Exiqon
Home Search Contact Print
0 items in basket0
Sign In
 
 
Products Services Applications Resource Center Ordering About Exiqon
microRNA Research
lncRNA Research
mRNA Research
DNA Research
Custom Oligos
Other Reagents
RNA Isolation
Sequencing
Microarray Analysis
Real-time PCR
Northern Blotting
In Situ Hybridization
Functional Analysis
RNA Preparation
Sequencing
Microarray analysis
Real-time PCR
In Situ Hybridization
Antisense
RNA Preparation
Sequencing
Microarray analysis
Real-time PCR
In Situ Hybridization
Antisense
SNP Detection
Sequencing
Microarray Analysis
In Situ Hybridization
LNA Phosphoramidites
A2 Quencher
RNA Isolation Services
microRNA Array Services
microRNA PCR Services
Sequencing Services
microRNA ISH Services
Custom Pharma Service
Isolation
Microarray Analysis
Northern Blotting
Real-time PCR
In Situ Hybridization
Functional Analysis
SNP Detection
RNA
microRNA
RNA
DNA
microRNA
microRNA
mRNA
microRNA
Other RNAs
DNA
microRNA
RNA
DNA
microRNA Resources
mRNA and lncRNA Resources
Documents
Reading rooms
Technology
Oligo design tools
Movies
microRNA
Research Guide
Reading rooms
Application Stories
Bioinformatics and data analysis
What are lncRNAs?
Application Stories
Bioinformatics
Oligo modifications
LNA™
AQ-link
Order microRNA products
Order custom oligos
Distributors
Global Service Providers
General Information
Contact
News
History
Management
Board of Directors
Newsletter
Career
Sign up to Newsletter
Newsletter Back Issues
 

 

Changes in Gene Expression in Response to Starvation 

MicroRNA Array Services 

Dr. Tom Hamborg Nielsen
Dr. Maria Lundmark
Tom Hamborg Nielsen, Associate Professor and group leader, and Maria Lundmark, Post Doctoral researcher, both work at Plant Molecular Biology Laboratory, Faculty of Life Sciences, Copenhagen University, Denmark.

1. What is the current research going on in your lab?

We are interested in understanding how plants respond to phosphate starvation by changing their gene expression. Phosphate is a major nutrient, required for growth of plants and all other living organisms. On a global scale phosphate availability is an important factor in plant productivity and ecosystems balance. Recent research in this field has revealed that the regulation of gene expression in response to P-stavation in plants involves several mechanisms forming an intricate network, where microRNAs play a key role. It is an exiting challenge to unravel these mechanisms, as it may allow new strategies for developing improved crops. We focus on the role of a group of transcription factors which are central to this regulatory system.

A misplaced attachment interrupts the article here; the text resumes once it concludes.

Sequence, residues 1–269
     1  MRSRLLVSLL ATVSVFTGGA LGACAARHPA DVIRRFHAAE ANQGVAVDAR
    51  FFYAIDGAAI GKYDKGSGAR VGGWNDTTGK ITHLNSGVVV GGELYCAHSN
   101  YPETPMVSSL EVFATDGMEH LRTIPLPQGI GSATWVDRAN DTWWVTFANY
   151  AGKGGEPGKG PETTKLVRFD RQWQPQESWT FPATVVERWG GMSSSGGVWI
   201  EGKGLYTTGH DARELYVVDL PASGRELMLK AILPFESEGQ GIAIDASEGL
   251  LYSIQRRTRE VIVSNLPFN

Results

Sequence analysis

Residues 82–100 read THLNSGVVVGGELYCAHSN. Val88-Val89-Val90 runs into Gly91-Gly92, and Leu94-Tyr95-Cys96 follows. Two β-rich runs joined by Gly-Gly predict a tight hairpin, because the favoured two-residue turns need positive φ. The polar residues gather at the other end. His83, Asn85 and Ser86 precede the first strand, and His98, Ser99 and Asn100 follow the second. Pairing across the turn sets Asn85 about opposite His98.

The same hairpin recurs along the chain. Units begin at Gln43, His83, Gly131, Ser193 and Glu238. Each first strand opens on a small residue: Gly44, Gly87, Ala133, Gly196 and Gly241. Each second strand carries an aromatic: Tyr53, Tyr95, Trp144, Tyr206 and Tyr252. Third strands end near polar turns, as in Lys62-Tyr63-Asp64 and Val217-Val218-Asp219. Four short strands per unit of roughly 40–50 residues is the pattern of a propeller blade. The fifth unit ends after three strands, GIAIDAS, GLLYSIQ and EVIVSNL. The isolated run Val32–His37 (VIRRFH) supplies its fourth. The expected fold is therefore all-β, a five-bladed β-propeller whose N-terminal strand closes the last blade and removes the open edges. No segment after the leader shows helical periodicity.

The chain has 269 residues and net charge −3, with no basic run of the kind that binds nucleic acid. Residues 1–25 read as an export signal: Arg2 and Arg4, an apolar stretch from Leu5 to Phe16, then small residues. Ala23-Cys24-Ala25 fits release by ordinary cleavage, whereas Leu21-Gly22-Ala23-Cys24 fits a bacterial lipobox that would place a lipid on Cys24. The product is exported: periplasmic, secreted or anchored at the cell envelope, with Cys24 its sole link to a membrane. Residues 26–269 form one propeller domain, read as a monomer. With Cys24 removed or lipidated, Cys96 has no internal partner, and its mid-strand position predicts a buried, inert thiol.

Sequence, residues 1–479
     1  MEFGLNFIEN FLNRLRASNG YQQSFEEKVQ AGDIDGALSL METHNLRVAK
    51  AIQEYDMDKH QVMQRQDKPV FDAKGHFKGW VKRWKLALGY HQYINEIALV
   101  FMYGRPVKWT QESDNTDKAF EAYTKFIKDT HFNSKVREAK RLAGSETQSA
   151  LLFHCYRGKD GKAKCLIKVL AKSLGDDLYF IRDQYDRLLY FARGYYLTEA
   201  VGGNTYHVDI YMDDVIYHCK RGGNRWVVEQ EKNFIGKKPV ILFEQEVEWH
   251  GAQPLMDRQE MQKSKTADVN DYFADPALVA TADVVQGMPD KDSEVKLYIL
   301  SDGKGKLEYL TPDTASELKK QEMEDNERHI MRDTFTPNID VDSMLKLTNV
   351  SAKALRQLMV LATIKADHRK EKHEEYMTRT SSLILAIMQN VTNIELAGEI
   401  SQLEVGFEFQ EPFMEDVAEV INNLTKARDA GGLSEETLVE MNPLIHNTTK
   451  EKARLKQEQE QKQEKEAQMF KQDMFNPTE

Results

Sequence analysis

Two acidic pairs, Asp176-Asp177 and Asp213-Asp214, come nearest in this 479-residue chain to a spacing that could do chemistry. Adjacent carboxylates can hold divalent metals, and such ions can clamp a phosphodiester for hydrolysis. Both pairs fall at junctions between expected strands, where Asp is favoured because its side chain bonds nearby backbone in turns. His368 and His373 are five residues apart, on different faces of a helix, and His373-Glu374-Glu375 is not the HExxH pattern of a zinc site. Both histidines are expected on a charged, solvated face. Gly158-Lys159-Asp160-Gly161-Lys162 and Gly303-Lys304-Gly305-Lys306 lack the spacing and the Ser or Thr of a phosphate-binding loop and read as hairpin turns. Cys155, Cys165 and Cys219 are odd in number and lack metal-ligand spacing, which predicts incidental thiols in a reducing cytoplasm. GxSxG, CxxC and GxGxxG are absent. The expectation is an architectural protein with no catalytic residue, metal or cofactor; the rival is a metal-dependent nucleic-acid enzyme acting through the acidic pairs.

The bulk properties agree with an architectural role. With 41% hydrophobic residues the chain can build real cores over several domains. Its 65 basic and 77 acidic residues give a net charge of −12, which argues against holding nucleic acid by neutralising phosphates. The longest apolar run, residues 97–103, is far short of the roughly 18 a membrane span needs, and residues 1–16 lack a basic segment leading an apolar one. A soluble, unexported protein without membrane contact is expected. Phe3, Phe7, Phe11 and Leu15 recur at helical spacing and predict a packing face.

2. How did your research lead you to the study of microRNAs?

A key element in P-starvation dependent gene expression in plants is a specific MYB-related transcription factors called PHR1. The regulation mediated by PHR1 and its homologs is one of our main research interests. It was recently discovered that PHR1 regulates a family of microRNA, miR399. This miRNA family targets a ubiquitin ligase, which influences protein turnover, and, by a yet unknown mechanism, regulates the expression of genes encoding P-transport proteins, essential to the cellular uptake of P. Other non-coding RNAs act as mimicry, antagonizing the effect of miR399s. Clearly, miRNAs are essential to the response and we need to understand how they are involved in nutrient dependent gene expression. Data obtained by the array based miRNA analysis designed by Exiqon has now revealed that more families of miRNA are involved in this response.

3. What were the key factors for you in choosing a microRNA supplier and partner?

The novel miRCURY™ LNA Arrays were specifically designed for miRNA profiling in the model plant Arabidopsis, which serves as our experimental system. This opened new and unique possibility to discover all the miRNAs involved in the biological processes that we are studying. The miRNA Profiling Services at Exiqon has performed the technical aspects of the analysis, a task which requires time and specialised knowledge. This has allowed us to focus on the quality of biological aspects of the experiment. We find that this has provided a highly efficient approach.

4. What made you choose Exiqon?

The Arabidopsis microarrays designed by Exiqon are presently one-of-a-kind, and offered us a unique opportunity to analyze a biological problem by sensitive and specific detection of mature miRNA. Also the good personal contact to the company furthered the choice.

5. What were some specific challenges in your project?

The major challenge is to obtain high quality plant material to analyze and high quality RNA preparations. During P-starvation plants increase their activity of RNAses and the overall levels of RNA in the cells may be low in the P-starved plant material.

6. How did you overcome them?

Further biological characterization verified the quality of the analyzed experiments. We have good experience in purifying good quality RNA and the quality RNA was verified by appropriate analysis.

7. What advice would you give to researchers who want to get started in microRNA research?

This is a field developing fast and it is recommendable to keep track of the technological developments within the field. For us, the new facilities developed by Exiqon have greatly facilitated an analysis in a broader perspective. It is really important to verify the microarray data by alternative methods. Using LNA-primers offers an attactive way to achieve this.

8. What would you tell a colleague about why they should work with Exiqon?

We have experienced the collaboration with Exiqon as very good and highly qualified.

9. Where will your research be showcased next? (Articles, conferences, posters, etc.)

We have presented the data as a poster on an international plant biology conference (ASPB annual meeting, 2009) and we are next planning a method oriented paper in a scientific journal.


  Privacy   Sitemap   Legal